Buying a home with PACE financing is similar to buying one with an energy efficiency loan in that you’ll be taking over the payments on the loan when you purchase the home. Be sure to understand all of the terms before buying a home with PACE financing.
The leased solar panels are a packaged deal most of the time
The only time solar panels will affect the sale of a home is if they are being leased from a solar company. If so, the seller must transfer the lease to the buyer, or else the buyer has to purchase outright from the solar company–which would conclude the lease early. The choice of how (or even if) to proceed lies with the Solar Panel Buyers themselves.
The benefits of transferring a solar lease are twofold: sellers eliminate future payments on the lease and often incur no costs to do so.
Agreeing on a solar lease can be tedious, and you may have to hold off on the closing until the solar company agrees to let the buyer assume the lease. There might also be a transfer fee for taking over the lease that you’ll need to account for. Who covers this cost could potentially make or break your negotiations.
Does a solar panel system increase my home value?
When you buy solar panels, it not only makes your home more valuable but also provides the potential to save money on energy bills. Furthermore, having solar panels installed in a home is seen as a convenience by many people.
When it comes to leased solar panels, the same principles do not apply. The homeowner does not own the system in this case- the leasor does. Even though there is no increase in value for the home, there are still potential energy savings to be had by going solar.
What if the seller wants me to assume a solar lease?
If you’re interested in assuming a lease for a solar energy system, you must contact the corresponding company to comprehend what you’ll be responsible for. This includes whether there are monthly payments and if they will eventually increase. Furthermore, you have to go through a credit check before the lease can be transferred into your name.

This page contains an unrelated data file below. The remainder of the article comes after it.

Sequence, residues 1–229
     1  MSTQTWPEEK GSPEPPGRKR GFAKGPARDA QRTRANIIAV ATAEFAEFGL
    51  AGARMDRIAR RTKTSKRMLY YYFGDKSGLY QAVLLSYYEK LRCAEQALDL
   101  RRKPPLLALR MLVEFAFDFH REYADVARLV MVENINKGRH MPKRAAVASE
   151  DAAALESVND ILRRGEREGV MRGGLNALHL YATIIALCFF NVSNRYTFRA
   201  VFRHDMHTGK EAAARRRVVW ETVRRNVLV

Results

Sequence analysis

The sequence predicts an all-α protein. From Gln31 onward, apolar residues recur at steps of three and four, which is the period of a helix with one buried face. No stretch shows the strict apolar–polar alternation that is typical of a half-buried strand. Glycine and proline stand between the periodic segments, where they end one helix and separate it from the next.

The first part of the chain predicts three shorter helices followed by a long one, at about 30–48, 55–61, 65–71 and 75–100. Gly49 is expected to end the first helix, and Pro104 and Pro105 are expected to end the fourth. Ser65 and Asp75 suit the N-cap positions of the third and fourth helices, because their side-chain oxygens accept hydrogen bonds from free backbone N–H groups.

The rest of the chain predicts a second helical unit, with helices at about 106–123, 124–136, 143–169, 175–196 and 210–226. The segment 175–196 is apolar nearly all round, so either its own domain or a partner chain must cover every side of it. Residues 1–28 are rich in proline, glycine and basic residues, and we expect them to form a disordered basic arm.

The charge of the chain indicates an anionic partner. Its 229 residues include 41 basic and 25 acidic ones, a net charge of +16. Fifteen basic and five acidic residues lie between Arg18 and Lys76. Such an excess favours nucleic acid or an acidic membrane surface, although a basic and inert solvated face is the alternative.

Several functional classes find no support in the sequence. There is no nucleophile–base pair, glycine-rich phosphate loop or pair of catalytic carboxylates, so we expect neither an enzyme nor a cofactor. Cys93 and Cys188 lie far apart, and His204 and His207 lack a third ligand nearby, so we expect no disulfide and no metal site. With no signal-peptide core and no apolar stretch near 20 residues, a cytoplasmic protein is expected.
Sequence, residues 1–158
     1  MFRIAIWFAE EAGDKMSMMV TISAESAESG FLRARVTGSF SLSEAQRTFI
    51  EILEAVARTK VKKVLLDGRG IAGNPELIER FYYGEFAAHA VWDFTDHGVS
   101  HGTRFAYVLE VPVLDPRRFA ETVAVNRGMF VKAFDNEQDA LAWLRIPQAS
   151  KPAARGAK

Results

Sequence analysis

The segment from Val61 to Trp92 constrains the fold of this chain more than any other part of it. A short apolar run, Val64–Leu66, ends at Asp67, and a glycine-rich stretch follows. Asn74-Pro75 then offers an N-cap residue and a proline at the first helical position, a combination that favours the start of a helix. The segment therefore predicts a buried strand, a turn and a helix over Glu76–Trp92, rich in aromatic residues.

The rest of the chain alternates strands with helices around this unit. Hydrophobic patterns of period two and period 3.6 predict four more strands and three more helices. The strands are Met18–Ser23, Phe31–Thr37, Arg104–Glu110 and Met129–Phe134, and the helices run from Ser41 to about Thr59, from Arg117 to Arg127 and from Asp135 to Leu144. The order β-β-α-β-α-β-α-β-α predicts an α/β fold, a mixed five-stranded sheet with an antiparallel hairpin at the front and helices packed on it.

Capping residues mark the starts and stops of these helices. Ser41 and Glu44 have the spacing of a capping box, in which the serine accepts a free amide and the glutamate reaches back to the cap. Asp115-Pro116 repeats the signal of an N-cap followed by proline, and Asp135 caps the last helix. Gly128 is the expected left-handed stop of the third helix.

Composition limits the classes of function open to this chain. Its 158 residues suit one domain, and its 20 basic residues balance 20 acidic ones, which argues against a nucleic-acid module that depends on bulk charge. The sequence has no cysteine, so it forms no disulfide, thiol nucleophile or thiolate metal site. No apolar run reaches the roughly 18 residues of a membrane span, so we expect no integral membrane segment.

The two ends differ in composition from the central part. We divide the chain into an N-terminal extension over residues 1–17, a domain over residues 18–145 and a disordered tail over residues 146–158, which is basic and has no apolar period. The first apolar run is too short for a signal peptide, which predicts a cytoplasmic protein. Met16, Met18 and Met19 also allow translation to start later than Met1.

How to transfer a solar panel leases
The first step to transferring a solar panel lease is to contact the company that owns the system. They will most likely ask for properly filled out forms and documents, such as proof of ownership or a signed agreement. Additionally, you might need to provide financial information and undergo a credit check.
When buying a home with leased solar panels, it’s important to understand the details of the solar lease, as well as your potential obligations. Make sure you have a thorough understanding before buying a home with leased solar panels—it could be a key factor in your buying decision.
It’s also important to consider any upfront costs associated with buying or transferring the solar lease, such as transfer fees and credit checks. Knowing the details of buying a home with leased solar panels can help you make an informed decision about your purchase.
Bottom line: Buying a home with leased solar panels
A house with solar panels could be a smart investment, or it may not make sense for you depending on your current financial situation. If you’re interested in saving money long-term, then purchasing the less expensive home without solar panels is probably the wiser choice. However, if you do decide to buy a home with solar panels, you may eventually be able to sell it above market price because of the addition of the solar system, even if it’s leased. Some buyers would no longer have to go through the long process of getting their system activated from the point of sale to permission to operate from the local utility company.
Before you buy a home with solar power, make sure to find out if the system has any attached financing, like a loan or lease that you would have to take over. You can ask the seller about this before making an offer on the house. Also, talking to a financial advisor can help you figure out if taking over someone else’s solar lease is the right move for your finances.